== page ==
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I stayed a step behind, just within earshot, and a swift move away should a parenting decision immediately present itself while she walked hand in hand with one of her best friends. They discussed a passing butterfly, a monarch Madison acknowledged from a Halloween costume past, and the colorful shutters of the houses lining the streets littering their conversation with girly giggles and spontaneous skips. 

I observed the developing friendship between them and found myself smiling at how natural their bond is and how easy they’re able to trade sentences as if they’ve been friends a lifetime even though their age proves only two years is the case. I was unintentionally hanging on their every word when I heard her friend make a statement, an effort to correct her pronunciation.

It was completely innocent, not malicious in any way. It was an honest assessment, not critical at all. It was an observation her mother and I have both had on our own. It’s in these moments we see the true character of our children. It’s in these moments we witness the traits we take pride in ourselves or the faults we desperately hope they don’t inherit, a reaction that could easily make or break the day entirely. I held my breath and let her respond on her own…

“I know. I have trouble with my L’s,” she said. “I’m working on it though.”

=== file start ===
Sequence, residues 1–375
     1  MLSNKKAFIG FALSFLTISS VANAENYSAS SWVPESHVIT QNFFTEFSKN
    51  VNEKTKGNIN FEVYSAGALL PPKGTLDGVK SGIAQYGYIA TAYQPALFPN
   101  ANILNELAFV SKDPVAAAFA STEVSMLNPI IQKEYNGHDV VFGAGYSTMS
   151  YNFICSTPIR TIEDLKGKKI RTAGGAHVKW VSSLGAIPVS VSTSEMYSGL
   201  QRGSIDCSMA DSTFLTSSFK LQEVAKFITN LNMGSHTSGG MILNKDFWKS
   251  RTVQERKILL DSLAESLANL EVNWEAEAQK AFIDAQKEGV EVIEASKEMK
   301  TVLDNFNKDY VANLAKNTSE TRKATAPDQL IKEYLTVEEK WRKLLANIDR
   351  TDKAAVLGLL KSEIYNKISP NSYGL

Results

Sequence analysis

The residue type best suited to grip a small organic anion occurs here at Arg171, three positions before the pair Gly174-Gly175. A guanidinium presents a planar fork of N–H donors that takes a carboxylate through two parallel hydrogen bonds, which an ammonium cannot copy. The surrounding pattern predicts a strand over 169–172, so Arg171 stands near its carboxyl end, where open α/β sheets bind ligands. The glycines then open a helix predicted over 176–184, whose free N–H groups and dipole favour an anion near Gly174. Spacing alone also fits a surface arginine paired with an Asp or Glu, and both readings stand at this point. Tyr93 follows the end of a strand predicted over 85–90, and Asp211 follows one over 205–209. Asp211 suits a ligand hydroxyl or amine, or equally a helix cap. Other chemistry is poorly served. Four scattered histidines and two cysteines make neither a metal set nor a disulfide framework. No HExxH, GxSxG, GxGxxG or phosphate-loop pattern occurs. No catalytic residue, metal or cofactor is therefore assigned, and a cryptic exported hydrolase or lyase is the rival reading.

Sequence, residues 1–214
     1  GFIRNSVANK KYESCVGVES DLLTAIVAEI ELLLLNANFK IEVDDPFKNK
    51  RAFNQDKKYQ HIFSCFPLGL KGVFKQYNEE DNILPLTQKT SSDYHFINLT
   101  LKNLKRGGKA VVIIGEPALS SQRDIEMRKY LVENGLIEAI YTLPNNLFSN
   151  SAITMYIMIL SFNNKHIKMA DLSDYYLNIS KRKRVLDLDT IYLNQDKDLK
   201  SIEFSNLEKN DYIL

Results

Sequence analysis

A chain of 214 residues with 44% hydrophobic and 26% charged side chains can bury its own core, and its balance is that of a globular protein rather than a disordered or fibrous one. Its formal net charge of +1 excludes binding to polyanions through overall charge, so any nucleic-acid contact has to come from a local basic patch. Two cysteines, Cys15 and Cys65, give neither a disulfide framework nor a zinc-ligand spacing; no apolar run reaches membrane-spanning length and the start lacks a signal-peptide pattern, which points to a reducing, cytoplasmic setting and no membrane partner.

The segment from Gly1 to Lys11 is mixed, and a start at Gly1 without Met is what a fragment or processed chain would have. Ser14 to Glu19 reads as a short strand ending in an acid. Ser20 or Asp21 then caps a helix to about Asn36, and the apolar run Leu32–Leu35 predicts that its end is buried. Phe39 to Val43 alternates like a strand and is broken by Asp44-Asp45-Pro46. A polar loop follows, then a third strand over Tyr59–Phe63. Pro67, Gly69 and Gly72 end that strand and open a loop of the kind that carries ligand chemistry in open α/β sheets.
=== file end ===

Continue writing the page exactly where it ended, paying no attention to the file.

An acceptable nod from her friend and they picked up right where they left off, creating inside jokes and laughing when they finished the other’s thought. I was impressed. I wish I could brush things off that easily or admit my struggles with such confidence or be that receptive without fear of hurt feelings. I’m constantly learning how to be a better me in the process of helping her become a better her.

That night we stood in front of the mirror placing our tongues just behind our front teeth listening to the sound L makes. We said every word we could think of that started with the letter and we la-la-la’d until we laughed and we laughed until our stomachs hurt. Her mother shared stories of struggling with the letter S letting out little whistles as she spoke and we practiced some more.

We soaked in every word she mispronounced because one day she’s going to master her L’s and we’re going to want nothing more than to hear yeah-yo instead of yellow and all the words we said over and over until they sounded funny and their spelling seemed questionable… look, learn, live, laugh, love... yet in those moments, their meanings had never been more clear.


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